Disc Two starts with what, for my money is possibly the best out of the whole lot: 1965’s Yoyo – a film that surely helped to inspire The Artist (2011). Here, we begin with a lengthy homage to silent films with a bored, over-staffed millionaire (Étaix) in 1925 discovering both his long lost love and the son he never knew he had in a traveling circus. The young man eventually grows up to be the famous clown Yoyo (Étaix again), who attempts to restore his father’s estate to its former glory. Moving on, we have As Long As You’ve Got Your Health (Tant Qu’on a la Santé, 1966): a series of four vignettes that concentrate on the absurdities of cinema advertising, life in the city, a day in the woods, and insomnia (the latter also shows us a strong indication that Étaix could have been an effective gothic horror filmmaker had he wished to). Lastly on this disc is Feeling Good (En Pleine Forme), which was originally part of the previous feature-length film (and which was replaced by the “Insomnia” chapter for a re-release in ’71).
Disc Three only contains two features, which gives us both the zenith of Étaix’s career as well as his nadir. The Grand Amour (1969) returns us to the despondent lover angle: this time giving us a look at love among the middle-class (or, the “bourgeois,” as they were/are sometimes called in France), which includes an epic highpoint of a hallucinatory dream of our star coasting about the countryside in a motorized bed – as well as one of the most beautiful co-stars ever seen on film ever: actress Nicole Calfan as Étaix’s young secretary – who looks better with each passing day as he grows bored with his wife (played by Étaix’s real-life wife at the time, Annie Fratellini). Lastly in the entire set is the documentary-like Land of Milk and Honey (Pays de Cocagne): wherein the comedian made the unwise move of centering his camera on everyday people taking part in activities that most people would mistake for interesting. For some reason, the public (as well as his producers) objected to being forced to laugh at their own selves, and the 1971 film all-but destroyed Étaix’s career.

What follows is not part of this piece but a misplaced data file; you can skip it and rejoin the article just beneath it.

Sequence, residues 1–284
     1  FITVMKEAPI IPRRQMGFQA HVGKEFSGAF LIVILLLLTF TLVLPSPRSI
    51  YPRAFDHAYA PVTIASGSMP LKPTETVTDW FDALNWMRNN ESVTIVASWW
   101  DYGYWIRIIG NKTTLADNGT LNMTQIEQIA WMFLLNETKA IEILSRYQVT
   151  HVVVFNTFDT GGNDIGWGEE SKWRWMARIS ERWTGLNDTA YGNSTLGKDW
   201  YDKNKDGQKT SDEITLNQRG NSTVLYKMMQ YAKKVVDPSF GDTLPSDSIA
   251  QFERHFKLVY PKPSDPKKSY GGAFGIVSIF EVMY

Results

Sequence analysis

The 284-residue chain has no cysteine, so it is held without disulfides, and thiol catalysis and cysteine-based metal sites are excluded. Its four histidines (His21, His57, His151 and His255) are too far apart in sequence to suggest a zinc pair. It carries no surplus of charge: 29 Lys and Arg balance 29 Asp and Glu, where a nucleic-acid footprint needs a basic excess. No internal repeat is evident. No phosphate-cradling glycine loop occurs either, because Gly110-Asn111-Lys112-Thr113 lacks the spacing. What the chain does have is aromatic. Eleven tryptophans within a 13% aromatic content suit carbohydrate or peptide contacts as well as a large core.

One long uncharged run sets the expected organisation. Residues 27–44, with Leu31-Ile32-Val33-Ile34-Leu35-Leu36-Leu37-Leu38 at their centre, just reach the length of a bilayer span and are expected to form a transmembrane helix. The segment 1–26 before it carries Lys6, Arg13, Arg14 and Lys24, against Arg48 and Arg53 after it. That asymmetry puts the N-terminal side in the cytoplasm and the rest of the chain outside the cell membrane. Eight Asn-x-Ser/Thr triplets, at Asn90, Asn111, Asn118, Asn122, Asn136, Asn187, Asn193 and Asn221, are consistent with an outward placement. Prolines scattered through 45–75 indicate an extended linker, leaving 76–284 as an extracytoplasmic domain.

Fortunately, even the lowest of contemporary comedians (you hear me, Adam Sandler?) can learn several valuable lessons with Criterion’s Pierre Etaix Collection – from how to make real comedy to what not to do when you feel your own opinion of people is the same as that of the general public. Criterion’s three-disc set also includes introductions by Pierre Étaix himself, as well as a 2011 documentary about our oft-forgotten artist, and a booklet with some extensive liner notes. All of the movies in this set were remastered in 2010 by Étaix, and are shown in their original aspect ratio (mostly 1.66:1) with monaural French soundtracks. Easy-to-read (and removable) English subtitles are included.
Yes, it’s sad that we had to wait so long to be introduced to and be able to appreciate the work of this fine French comedian. I, for one, am extremely pleased to have discovered this affordable pricelessness – and this set will surely find a welcomed spot on my shelves next to the works of Buster Keaton and other fine comedians. Why, I might even go so far as to try to turn my guests onto this cinematic gold – assuming they don’t like NASCAR or Coors Light, that is.